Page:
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Tips for the newly matriculated job seekers

JOB-SEEKERS ALSO HAVE THE LAW\'S PROTECTION / Job hunting/ Job vacancies.

JOB-SEEKERS ALSO HAVE THE LAW\'S PROTECTION / Job hunting/ Job vacancies.

Published Jan 25, 2022

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With the release of the 2021 matric examination results on Friday, many young people will go to higher institutions to further their studies but some will enter the job market and start looking for jobs.

Trade union UASA, through its spokesperson, Abigail Moyo, shared some good tips for the new wave of job seekers aiming to enter the job market.

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Below are the tips for matriculated job seekers:

  • Don't allow perceptions and attitudes about the job market to blind you to existing job opportunities. Take responsibility for your own future and develop a willingness to do your part in the world. Your first responsibility is to take pride in yourself and to believe that you have something to offer to society and yourself, even while you are looking for a job.
  • Remember that employers are looking for skilled people, and a straight matric qualification provides school leavers with limited skills, if any. Matric is simply not enough to qualify our young people for the labour market; employers view them as unskilled. Unfortunately, matric only gives you a broad theoretical background and does not prepare our children to perform specific tasks in the workplace. Someone who left school with a Grade 10 qualification and, for instance, adds three years of practical training as a plumber, a mechanic or a hairdresser seems to have a far better chance of finding a job today. Although they may not have a matric certificate, their acquired skills are often much sought after by employers.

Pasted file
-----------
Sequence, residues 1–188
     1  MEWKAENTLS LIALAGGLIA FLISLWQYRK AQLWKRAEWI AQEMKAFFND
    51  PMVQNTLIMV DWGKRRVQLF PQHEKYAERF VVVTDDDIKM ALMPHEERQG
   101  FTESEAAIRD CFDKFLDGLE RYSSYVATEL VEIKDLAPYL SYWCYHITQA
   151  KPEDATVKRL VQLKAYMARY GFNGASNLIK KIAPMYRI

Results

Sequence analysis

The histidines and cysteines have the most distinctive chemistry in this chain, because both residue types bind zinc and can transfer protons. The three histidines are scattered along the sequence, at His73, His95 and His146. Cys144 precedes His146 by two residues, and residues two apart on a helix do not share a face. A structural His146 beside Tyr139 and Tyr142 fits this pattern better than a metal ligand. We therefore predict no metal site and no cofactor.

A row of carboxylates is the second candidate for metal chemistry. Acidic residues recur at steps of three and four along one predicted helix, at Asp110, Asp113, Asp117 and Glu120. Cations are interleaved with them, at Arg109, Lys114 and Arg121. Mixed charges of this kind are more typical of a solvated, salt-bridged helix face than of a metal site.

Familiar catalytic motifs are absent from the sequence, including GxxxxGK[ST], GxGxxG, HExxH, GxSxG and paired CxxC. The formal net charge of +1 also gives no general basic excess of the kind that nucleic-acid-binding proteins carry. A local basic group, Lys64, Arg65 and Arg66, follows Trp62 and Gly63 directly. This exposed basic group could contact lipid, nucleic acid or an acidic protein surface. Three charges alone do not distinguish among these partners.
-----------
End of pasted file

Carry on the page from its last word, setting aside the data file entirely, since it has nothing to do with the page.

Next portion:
• School leavers that focus only on going to university might miss the mark. Compared to international benchmarks, the ratio of people who go to university and those who opt for Further Education and Training (FET) or artisanships in South Africa is completely distorted. Consider alternatives that could potentially yield better results in terms of jobs and income. Pupils are often unaware of these options because of inadequate career guidance.
  • Don’t consider artisanship or FET training as below the mark. Plumbers, electricians, hairdressers, motor mechanics, cabinet makers and the like, who start their own businesses after training and acquiring some experience, often do better in terms of income and job satisfaction than graduates.
  • When you land a job, remember that you enter into a contract with your employer. You are not doing anyone a favour by working there and are entitled only to what is written in your contract. You are paid a certain amount per month, week or day to complete specific tasks. Your employer will judge your performance according to your skills, knowledge and your attitude. Especially the latter will determine your success in the world of work, not only now, but throughout your whole working life.
  • Stay practical and don’t lose hope. Even if you must work for a pittance and live with your parents, get that initial work experience. It will open doors for you in the long run.
  • Lastly, but most importantly, prepare yourself mentally for your interview. Remember that the employer will ask you questions for a reason. He will only hire you if he or she can ascertain that you will have the required attributes and potential to be developed into a productive unit. Go into an interview with a positive frame of mind and focus on impressing the employer that you are prepared to learn and can add value to his business.

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